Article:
After we leftPortlandwe drove up toOak Harbor,Washington, about 2 hours north ofSeattle, to visit Nate’s friend, Melissa and her husband, Greg. Nate told me that Melissa was his high school girlfriend, and that he hadn’t seen her in almost ten years. He predicted that I would get to witness a funny reaction from Melissa when she saw him, as he looks a bit different now than he did ten years ago.
When we got close to their house, it became clear that they lived in a really nice area.
Melissa and Greg’s neighborhood on Whidbey Island:
We pulled up to Melissa and Greg’s house, and Greg was outside grilling our dinner. He greeted us warmly and I checked out what was on the grill: a boatload of chicken and grilled veggies. I started to get excited. Melissa came outside to say hello and I witnessed the reaction Nate guessed she’d have: “You’re so much hairier than I remember!” she said with a look of mild shock on her face.
Melissa took us inside where I saw the rest of our dinner: mashed potatoes, chard from their garden, pineapple, and biscuits. They also gave us some of Greg’s homebrew; the first IPA I’ve ever liked. Melissa and Greg: you win for best dinner we’ve had on the road so far. Thanks guys!
They insisted on sending us home with most of the leftovers and two big bottles of homebrew, plus a huge bag full of homemade cookies. You guys are awesome! Thanks 🙂
We were poised to make a serious push to get to Bryce Canyon in the shortest amount of time possible. Although we wanted to get on the road as early as possible, we thought it unwise to pass by Seattle without stopping for at least a little while. We decided our one stop in the city would be Pike Place Market, the famous market at the pier where people throw fish to each other.
It was overcast when we got into Seattle (surprise!), and we sat inside and got some fresh seafood for lunch. By the time we finished and started walking around the market, the sun had, against all odds, emerged. We checked out some local art and food stuffs from the vendors, and finally found the fish market, something on Nate’s list of things to see. It was a bit underwhelming compared to what I’d pictured, but we did see one fish get thrown! We wandered into the outdoor part of the market and into the sun, seeking a little shop that Melissa told us has the best olive oils. Along the way we saw some pretty impressive street performers. My favorite was the guy that played guitar and sang while balancing a chair on his face – a very useful skill. He played an original song called “I love my mom”, in which he basically said “I love my mom, I love my mom, I love my mom”, over and over really fast. Though the lyrics left something to be desired, the beat was catchy. We found the oil shop and got some gifts to bring home, then decided it was time to hit the road. I would love to return to Seattle someday and really check it out, as we didn’t get very far in the 3 hours we spent there. I was told it’s more laidback than Portland (if that’s even possible) and as far as cities go, laidback is a characteristic I value highly.
So after less than 24 hours in Washington, we were off on the next leg of our journey. We headed south and drove back through Oregon, headed east towards Idaho. When the sun started setting, we figured it was time to find a spot to pull off and reheat some of last night’s leftovers. We’d hit a pretty barren section of the state and found a nice hill with a view of hundreds of wind turbines, and decided to eat dinner there. We put some music on the computer, Nate dropped the tailgate and busted out the grill, and we fixed ourselves a repeat feast of Melissa and Greg’s amazing cooking. Of course, I took the opportunity to snap a few pictures while Nate did the cooking (these had become pretty standard roles for us).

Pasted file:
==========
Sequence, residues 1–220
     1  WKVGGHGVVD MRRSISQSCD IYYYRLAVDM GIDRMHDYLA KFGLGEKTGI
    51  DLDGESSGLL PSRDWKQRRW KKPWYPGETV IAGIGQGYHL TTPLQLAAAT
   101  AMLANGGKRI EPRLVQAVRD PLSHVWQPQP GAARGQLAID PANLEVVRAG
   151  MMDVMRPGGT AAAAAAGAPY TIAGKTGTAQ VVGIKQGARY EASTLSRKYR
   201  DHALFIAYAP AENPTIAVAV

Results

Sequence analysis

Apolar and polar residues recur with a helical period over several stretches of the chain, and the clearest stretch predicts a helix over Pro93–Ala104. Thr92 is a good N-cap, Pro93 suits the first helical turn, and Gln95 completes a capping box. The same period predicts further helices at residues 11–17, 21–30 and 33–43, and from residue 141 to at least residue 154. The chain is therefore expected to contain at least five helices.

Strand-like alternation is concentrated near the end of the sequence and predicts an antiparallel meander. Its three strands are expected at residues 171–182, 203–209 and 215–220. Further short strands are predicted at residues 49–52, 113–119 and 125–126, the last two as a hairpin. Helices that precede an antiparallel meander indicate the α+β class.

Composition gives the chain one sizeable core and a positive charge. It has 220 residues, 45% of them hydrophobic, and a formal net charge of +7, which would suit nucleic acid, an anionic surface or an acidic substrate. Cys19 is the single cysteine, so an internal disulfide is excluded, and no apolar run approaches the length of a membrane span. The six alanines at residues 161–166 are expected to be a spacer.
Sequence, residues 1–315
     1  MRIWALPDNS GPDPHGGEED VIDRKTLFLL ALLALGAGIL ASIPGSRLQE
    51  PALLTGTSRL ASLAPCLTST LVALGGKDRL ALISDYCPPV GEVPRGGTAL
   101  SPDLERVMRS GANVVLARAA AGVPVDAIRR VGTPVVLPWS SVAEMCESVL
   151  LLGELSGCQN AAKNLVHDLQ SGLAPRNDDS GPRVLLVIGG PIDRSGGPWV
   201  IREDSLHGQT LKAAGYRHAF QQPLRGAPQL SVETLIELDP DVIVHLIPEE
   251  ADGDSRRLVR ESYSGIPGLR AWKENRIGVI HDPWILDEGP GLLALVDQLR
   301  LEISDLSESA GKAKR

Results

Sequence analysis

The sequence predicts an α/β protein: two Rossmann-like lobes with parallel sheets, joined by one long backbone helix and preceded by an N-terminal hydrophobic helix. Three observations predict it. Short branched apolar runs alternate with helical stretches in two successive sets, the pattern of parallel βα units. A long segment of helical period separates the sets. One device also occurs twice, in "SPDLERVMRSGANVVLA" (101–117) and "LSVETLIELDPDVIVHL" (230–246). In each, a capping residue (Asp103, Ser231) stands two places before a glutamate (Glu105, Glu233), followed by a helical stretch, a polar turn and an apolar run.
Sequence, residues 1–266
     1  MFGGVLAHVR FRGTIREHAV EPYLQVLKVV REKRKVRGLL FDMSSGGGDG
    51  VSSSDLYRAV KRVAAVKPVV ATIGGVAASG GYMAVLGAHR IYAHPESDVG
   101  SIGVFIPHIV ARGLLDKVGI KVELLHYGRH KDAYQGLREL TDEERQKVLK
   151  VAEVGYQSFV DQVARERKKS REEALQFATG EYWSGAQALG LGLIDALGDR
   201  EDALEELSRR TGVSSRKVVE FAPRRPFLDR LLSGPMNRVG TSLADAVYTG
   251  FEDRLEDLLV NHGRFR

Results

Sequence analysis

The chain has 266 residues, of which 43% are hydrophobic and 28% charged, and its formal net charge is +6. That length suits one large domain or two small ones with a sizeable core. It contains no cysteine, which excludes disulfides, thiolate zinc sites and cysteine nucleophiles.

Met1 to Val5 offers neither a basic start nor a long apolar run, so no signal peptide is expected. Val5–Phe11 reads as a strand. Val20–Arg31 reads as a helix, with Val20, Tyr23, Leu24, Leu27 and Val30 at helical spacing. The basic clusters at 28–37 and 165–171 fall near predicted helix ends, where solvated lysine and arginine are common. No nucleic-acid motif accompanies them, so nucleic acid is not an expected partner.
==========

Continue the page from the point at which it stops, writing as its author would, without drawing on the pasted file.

I find wind turbines both eerie and picturesque…
After dinner we found a campsite in eastern Oregon and crashed relatively early, hoping to get a head start on the day tomorrow. It paid off as we had our most successful quick wake up and go yet! We were on the road by 6:30 and Rose blazed through the whole state of Idaho in a glory. Speaking of blaze, by the time we got into Utah it was HOT. I’m guessing in the triple digits. The speed limit was a cool 80 mph, and I couldn’t resist trying to keep up, even if it meant pushing Rose to her limits. This proved to be a bad idea. Somewhere just before Salt Lake City the red engine light came on and Nate started to freak out a bit, so we thought it best to stop. Turns out Rose started to get heat stroke and we had to pull over and give her a rest and some water and coolant. We took the opportunity to pray that this wasn’t the end for our beloved ride, and also eat some Carl’s Jr. After the fast food (they delivered it to our table and the burger was goooood – Carl’s is fancy), we checked back on Rose and, true to form, she had recovered beautifully. We hit the road again, this time keeping to a reasonable speed, with Nate reprimanding me if I started to let it creep over 65. Despite our slower pace, we managed to make it to Bryce Canyon that night, found a campsite, and checked ourselves in around 10 p.m. By the time we got into the park, it had long been dark so we didn’t catch even a glimpse of what the next few days would hold for us, but I had a feeling we were going to wake up to some spectacular scenery.